Quality Time Forward

Posted: December 18, 2013 in Community, Family
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Time sure is a funny thing. Sometimes it seems to drag on, making things difficult. At others, it goes by too quickly, barely allowing you to savour it. In general, we all perceive it differently, and many of us  don’t appreciate it like we should. We spend it, we waste it, we bend it, we lose it, we make it. It is one of the only things that we all share that is absolute, and we all have the same amount of it in a 24 hour period. You cannot buy it, borrow it, lend it, or buy it even though many have tried.

As it passes us by, my outlook has changed. This is a natural by-product of aging. Your perspective generally dictates your perception. As a young child, when summer began, a vast wasteland of time and opportunity stretched out before me, seemingly endless. Winter was the same. From the first snowfall we dreamt of skating and hockey and playing in the snow. Snowball fights and sliding, carnivals and any number of outdoor activities, followed by hot chocolate and board games. It seems our days were filled with love and laughter and fun. It’s true that there were many not so good days, but our minds often snip those pages out of our memory books, tending to leave the best ones for us to read on days where we reminisce.

My youngest son Mackie and I recently watched the series finale of Futurama, an animated program about a young man who gets cryogenically frozen for 1000 years, and tries to fit in to society in the year 3000. It’s not a show for everybody, but we enjoyed it all the same. But when we watched the final scene, my skin broke out into gooseflesh. I began to realize that this was the end of an era of sorts for Mackie and I.

We began watching this show together in his bedroom many years ago, back when he had trouble getting to sleep. It was my job to do this, as Anne and Alex were and still are early to be and early to rise. Mackie takes after me. being a night owl. And Futurama became our weapon of choice. We would put a disc in his little cheap DVD player, snuggle together on his bed, and laugh at the on-screen mayhem that ensued. We would pontificate about various things during boring parts. He is an inquisitive kid, and keeping up to him was a challenge. Often I would wake up at 3 in the morning, back all sore from sharing a tiny bed with an ever-growing child, and make my way to my own bed. In the last few years, we watched this show on the sofa instead, still laughing, still chatting, still asking and answering an endless sea of questions.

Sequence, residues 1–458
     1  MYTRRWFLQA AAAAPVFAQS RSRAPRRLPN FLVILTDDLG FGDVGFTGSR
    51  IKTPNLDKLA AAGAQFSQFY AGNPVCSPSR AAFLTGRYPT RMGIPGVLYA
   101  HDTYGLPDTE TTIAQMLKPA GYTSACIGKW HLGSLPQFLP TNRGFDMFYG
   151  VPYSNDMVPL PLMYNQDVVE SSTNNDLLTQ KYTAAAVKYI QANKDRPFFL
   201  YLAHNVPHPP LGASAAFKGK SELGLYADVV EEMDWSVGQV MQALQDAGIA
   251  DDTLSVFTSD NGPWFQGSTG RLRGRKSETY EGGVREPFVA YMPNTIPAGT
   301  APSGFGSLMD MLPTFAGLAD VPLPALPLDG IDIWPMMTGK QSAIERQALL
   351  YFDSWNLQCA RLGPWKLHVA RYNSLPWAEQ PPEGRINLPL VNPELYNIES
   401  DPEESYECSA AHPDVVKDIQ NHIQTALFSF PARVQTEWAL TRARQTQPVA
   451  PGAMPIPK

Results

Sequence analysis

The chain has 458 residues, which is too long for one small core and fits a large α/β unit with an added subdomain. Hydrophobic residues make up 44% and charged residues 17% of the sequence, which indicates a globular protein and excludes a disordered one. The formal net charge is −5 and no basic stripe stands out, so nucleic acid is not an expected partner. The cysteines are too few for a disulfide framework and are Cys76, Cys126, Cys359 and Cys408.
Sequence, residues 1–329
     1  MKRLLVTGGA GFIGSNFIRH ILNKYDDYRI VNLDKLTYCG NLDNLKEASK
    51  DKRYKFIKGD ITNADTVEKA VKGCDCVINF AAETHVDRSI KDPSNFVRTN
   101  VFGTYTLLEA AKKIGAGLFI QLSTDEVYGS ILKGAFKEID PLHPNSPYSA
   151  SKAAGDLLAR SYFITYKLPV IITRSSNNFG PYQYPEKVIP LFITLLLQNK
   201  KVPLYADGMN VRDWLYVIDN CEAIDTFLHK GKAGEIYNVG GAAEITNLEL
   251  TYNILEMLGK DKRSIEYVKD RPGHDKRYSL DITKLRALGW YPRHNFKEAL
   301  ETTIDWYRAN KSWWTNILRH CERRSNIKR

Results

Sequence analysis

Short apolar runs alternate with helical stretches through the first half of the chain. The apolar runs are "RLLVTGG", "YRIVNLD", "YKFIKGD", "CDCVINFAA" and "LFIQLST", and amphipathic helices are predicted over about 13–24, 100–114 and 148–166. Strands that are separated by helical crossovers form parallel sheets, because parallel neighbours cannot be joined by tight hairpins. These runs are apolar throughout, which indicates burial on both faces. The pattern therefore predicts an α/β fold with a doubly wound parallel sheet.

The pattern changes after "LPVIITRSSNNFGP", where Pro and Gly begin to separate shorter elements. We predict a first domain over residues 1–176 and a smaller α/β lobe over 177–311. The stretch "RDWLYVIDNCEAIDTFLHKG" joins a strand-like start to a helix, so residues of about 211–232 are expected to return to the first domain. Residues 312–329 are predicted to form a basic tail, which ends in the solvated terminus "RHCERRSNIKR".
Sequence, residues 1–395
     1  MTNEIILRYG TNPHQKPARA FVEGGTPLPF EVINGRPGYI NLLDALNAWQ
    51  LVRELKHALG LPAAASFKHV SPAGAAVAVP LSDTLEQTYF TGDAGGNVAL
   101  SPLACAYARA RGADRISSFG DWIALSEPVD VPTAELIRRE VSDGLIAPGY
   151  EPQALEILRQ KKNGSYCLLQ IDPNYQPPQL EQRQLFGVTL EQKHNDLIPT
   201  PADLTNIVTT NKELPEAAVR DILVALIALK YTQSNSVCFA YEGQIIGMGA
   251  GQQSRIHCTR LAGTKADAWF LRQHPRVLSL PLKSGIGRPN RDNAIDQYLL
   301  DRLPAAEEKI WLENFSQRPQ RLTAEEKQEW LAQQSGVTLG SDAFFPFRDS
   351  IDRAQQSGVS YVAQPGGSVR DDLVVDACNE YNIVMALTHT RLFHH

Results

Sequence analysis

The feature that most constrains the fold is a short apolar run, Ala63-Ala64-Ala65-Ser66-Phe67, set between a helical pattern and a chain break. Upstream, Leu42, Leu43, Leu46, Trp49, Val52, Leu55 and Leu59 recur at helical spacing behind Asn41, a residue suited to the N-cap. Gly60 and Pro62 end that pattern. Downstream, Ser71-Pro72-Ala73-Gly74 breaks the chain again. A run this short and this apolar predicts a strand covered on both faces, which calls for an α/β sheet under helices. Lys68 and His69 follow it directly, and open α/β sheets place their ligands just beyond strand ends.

This is not about a television program. We could have been watching ‘The Rockford Files’. But the memories we have shared during this time are interwoven with the fabric of Futurama. It has formed our mutual sense of humour. And when we watched the final scene, we shared a long moment of silence. It was bittersweet. My little boy was becoming a man seemingly before my eyes, and watching the final episode of a show that saw us through so many father/son times was bringing that fact home.

The beautiful thing about all this is that as human beings we can choose to move forward with little things like this. Everyone has these kinds of moments. It’s what you do with them that counts. And so, as we moved through the awkward silence, we looked at each other, and decided to do what came most natural to us…..we’re going to watch the series again, and relive our moments together. Sure, it won’t be the same, but in some ways, it’ll be better.

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